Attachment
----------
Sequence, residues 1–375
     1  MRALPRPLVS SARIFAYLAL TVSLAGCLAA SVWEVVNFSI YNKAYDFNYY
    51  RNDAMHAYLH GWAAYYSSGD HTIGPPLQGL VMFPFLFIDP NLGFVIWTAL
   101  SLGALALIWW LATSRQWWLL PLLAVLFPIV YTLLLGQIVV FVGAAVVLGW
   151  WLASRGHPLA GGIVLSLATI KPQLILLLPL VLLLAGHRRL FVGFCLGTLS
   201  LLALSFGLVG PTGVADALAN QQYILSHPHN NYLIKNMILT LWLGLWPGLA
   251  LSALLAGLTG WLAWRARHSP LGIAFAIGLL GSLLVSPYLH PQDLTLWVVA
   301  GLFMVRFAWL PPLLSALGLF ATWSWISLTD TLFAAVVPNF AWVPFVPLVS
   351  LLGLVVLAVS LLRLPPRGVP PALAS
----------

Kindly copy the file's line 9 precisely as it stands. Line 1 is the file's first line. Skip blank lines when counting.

   351  LLGLVVLAVS LLRLPPRGVP PALAS